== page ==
"I remember how painful it was and how it seemed to go on for the longest
time," said Southon, who lives in Olympia.
She was going through a divorce at the time and suspects stress might have
triggered the outbreak. She also suffered from lifelong recurrent cold sores,
another herpes virus.

Twenty years later, in 1990, Southon made a painful mistake that reminded her
of that vulnerability.

"What happened was, I stuck a hard contact (lens) in my mouth, not knowing
I was getting a cold sore. I put it into my eye and did it with the other
contact, too.

"I developed cold sores on both corneas. That was very painful and went on
for several weeks before the doctors finally figured out what it was," she
said. The doctor put her on medication for shingles and the problem cleared up,
though not before doing damage she says will one day require cornea
transplants.

Coincidentally or not, Southon said she has not had any cold sores since she
took the shingles medicine.

Her son, Paul Flinton, also had chickenpox as a child. At age 15, Paul got
shingles, too — also remarkable, doubly so given his mother's similar history.
The shingles spread along his neck, primarily on the right side, up to his jaw
line; he even had a spot on his forehead.

"The doctor did diagnose it as shingles and was just amazed someone that
young had developed it," Southon recalled. It was also a stressful period
in Paul life's, she said, but the ongoing family pattern suggests unusual,
inherited susceptibility to the virus.

"It just seems there is a genetic weakness towards it, a tendency to pick
up the herpes virus and run with it," Mary Southon said. Given that, they
might not have enrolled Paul son's Jimmy in the ProQuad trial if they knew it
had 10 times the standard dose of chickenpox virus.

She questioned why Merck would allow a child with Jimmy's family background to
test any chickenpox vaccine.

"It's heartbreaking to think this could have been prevented if they
(Merck) had done a little more research or had been a little more imaginative
in (considering) what could have happened," she said.

"I just think the rush to develop the vaccine is criminal. Why would they
want to give babies 10 times the amount of the virus? Where is the thinking on
that?"

Several vaccine researchers who remain concerned abut a possible autism link
told this column they find the Olympia
cluster, and Jimmy's case in particular, deeply disturbing. The children's
histories fit one of the major vaccine-autism hypotheses like a surgical glove:
the idea that interference among live viruses in vaccines could warp the body's
natural immune response, leading to persistent infection and delayed
neurological problems.

After Age of Autism outlined the cases to him last month, British
gastroenterologist Dr. Andrew Wakefield — the chief proponent of that
controversial theory — met with several of the Olympia parents. He called their stories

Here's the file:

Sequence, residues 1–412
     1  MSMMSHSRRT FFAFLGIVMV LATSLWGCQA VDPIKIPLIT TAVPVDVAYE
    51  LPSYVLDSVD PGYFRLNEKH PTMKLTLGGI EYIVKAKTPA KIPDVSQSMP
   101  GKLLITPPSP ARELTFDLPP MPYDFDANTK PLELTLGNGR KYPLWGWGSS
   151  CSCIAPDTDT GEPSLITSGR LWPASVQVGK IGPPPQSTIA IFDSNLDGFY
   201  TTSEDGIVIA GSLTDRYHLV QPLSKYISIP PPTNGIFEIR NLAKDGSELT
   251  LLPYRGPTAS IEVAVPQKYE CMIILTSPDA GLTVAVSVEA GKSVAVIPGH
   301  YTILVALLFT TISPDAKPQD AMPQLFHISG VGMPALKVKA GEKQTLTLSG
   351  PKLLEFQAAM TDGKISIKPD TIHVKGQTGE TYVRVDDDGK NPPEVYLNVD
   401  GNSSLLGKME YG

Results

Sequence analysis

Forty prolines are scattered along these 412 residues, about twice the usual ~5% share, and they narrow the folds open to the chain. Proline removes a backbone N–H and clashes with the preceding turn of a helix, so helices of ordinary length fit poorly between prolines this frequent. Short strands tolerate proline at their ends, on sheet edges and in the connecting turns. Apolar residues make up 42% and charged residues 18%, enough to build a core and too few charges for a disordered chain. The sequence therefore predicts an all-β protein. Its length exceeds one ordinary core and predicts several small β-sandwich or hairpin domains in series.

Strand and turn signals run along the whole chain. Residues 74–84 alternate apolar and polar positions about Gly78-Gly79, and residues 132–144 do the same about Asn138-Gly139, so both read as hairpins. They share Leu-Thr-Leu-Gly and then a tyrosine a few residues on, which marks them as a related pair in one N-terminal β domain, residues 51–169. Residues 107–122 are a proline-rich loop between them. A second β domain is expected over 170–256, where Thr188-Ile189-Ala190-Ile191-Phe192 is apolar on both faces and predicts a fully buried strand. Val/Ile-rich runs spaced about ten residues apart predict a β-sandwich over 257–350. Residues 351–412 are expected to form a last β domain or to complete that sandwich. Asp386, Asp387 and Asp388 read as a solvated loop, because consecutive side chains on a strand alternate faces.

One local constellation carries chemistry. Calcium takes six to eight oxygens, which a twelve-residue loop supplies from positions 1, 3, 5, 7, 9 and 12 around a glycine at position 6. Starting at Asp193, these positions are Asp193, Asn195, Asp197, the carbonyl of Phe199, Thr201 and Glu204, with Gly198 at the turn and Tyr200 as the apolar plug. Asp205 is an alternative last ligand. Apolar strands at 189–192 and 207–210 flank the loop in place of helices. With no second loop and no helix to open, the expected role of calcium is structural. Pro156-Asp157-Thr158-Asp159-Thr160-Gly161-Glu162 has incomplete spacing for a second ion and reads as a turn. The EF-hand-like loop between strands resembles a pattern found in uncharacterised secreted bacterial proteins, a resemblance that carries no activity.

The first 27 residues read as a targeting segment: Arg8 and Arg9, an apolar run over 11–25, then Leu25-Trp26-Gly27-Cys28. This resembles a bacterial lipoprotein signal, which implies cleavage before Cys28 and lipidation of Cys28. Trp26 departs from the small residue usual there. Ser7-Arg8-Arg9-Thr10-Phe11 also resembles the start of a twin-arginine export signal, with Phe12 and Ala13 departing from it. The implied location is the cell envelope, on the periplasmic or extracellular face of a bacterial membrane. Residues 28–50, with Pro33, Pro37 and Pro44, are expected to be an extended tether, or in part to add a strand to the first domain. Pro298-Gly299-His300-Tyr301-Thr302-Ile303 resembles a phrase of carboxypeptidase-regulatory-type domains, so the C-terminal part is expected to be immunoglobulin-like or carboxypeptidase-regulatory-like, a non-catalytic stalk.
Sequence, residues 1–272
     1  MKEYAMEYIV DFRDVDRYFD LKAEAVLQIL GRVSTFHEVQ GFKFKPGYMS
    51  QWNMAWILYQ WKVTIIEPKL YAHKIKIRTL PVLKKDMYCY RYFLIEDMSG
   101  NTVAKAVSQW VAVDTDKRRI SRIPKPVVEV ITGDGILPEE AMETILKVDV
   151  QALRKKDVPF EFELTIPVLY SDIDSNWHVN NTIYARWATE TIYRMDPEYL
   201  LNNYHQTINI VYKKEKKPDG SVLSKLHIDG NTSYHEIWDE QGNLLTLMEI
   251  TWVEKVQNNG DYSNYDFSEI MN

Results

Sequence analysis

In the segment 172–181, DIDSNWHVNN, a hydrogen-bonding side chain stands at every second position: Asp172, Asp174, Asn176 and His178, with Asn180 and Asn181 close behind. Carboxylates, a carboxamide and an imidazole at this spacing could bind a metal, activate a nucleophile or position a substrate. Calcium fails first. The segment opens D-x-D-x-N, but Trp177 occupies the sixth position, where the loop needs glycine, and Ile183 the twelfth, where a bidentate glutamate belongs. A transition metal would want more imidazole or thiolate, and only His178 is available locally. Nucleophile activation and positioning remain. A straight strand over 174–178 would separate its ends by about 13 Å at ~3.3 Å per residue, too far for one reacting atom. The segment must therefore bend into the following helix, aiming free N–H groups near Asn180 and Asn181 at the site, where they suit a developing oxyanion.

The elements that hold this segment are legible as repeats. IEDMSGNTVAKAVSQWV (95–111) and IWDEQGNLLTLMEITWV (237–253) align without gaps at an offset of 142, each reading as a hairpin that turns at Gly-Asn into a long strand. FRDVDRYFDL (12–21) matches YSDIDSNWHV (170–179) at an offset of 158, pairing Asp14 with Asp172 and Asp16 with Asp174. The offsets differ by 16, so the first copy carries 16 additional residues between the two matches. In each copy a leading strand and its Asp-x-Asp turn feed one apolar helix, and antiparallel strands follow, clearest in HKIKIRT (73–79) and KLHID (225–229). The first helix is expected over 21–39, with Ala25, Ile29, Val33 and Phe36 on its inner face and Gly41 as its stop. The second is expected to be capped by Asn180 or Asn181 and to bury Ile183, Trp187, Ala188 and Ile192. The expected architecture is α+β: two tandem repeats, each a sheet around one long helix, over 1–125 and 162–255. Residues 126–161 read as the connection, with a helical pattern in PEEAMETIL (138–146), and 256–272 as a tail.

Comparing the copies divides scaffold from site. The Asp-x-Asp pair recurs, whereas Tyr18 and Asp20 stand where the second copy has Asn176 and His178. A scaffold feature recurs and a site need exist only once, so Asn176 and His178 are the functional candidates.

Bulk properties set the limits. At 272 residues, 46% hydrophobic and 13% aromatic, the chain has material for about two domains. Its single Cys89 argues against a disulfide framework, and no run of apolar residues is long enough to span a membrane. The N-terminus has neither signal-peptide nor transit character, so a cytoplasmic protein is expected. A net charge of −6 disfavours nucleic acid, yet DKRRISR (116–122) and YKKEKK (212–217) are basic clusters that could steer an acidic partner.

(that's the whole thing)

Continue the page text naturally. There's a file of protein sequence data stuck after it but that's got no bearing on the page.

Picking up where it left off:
heartbreaking and likened the experience to "staring into an abyss"
of unintended vaccination consequences that he fears are not confined to Olympia.

"The key to many of the problems you see with viral vaccines is
interference," he said afterward.

"The host control of a viral infection is fundamentally mediated through
an adequate immune response, and that immune response has been conditioned by
tens of thousands of years of evolution," said Wakefield. "And the outcome of an
infection is dependent on the pattern of exposure.

"So measles is innocuous when encountered under normal circumstances of
dose and age of exposure. But when it's encountered under atypical
circumstances early in life, particularly at high dose, then the outcome is
very different. And the problem for these viruses is persistence and delayed
disease," he said.

"So if they can establish persistent infection, elude the host immune
response, then they can all come back and cause delayed disease later in
life."

"And herpes viruses do exactly the same thing," he added.

"What alarms me about the cavalier approach of the industry and everybody
else, the regulators, to these viruses is they presume the wild infection to be
nasty and the vaccines to be innocuous — that they can manipulate something
that is biologically highly intelligent and exploit it to their advantage.

"And they can't. The viruses don't behave like that and they never will.
They merely come back to haunt you as something different."

Wakefield, who left Britain
in the wake of the controversy generated by his theories and now is conducting
research in the United
States, said it is well- established that
problems coping with viruses can be inherited. His theories are based on
research into the MMR vaccine; Britain
does not give routine chickenpox immunizations.

The Institute of Medicine's
2004 report dismissed Wakefield's
concerns as speculation untethered to any scientific foundation. It said
"the body of epidemiological evidence favors rejection of a causal
relationship between the MMR vaccine and autism. …. The committee further